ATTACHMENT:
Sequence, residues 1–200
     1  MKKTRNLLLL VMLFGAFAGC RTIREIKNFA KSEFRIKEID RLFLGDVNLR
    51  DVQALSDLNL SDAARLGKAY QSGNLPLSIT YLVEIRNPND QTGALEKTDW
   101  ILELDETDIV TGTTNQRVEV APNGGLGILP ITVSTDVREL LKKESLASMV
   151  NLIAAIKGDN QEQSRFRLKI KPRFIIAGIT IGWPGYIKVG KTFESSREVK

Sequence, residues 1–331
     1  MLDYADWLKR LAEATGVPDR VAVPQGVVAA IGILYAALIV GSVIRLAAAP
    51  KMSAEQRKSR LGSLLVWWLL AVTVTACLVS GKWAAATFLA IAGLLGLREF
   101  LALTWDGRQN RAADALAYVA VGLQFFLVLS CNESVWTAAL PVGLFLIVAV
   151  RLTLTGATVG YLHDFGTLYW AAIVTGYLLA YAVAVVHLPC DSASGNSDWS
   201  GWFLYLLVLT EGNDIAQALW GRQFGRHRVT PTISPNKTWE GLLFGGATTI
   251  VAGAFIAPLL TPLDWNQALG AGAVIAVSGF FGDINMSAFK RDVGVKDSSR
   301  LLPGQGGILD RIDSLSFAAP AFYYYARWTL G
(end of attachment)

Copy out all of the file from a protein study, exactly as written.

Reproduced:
Sequence, residues 1–200
     1  MKKTRNLLLL VMLFGAFAGC RTIREIKNFA KSEFRIKEID RLFLGDVNLR
    51  DVQALSDLNL SDAARLGKAY QSGNLPLSIT YLVEIRNPND QTGALEKTDW
   101  ILELDETDIV TGTTNQRVEV APNGGLGILP ITVSTDVREL LKKESLASMV
   151  NLIAAIKGDN QEQSRFRLKI KPRFIIAGIT IGWPGYIKVG KTFESSREVK

Sequence, residues 1–331
     1  MLDYADWLKR LAEATGVPDR VAVPQGVVAA IGILYAALIV GSVIRLAAAP
    51  KMSAEQRKSR LGSLLVWWLL AVTVTACLVS GKWAAATFLA IAGLLGLREF
   101  LALTWDGRQN RAADALAYVA VGLQFFLVLS CNESVWTAAL PVGLFLIVAV
   151  RLTLTGATVG YLHDFGTLYW AAIVTGYLLA YAVAVVHLPC DSASGNSDWS
   201  GWFLYLLVLT EGNDIAQALW GRQFGRHRVT PTISPNKTWE GLLFGGATTI
   251  VAGAFIAPLL TPLDWNQALG AGAVIAVSGF FGDINMSAFK RDVGVKDSSR
   301  LLPGQGGILD RIDSLSFAAP AFYYYARWTL G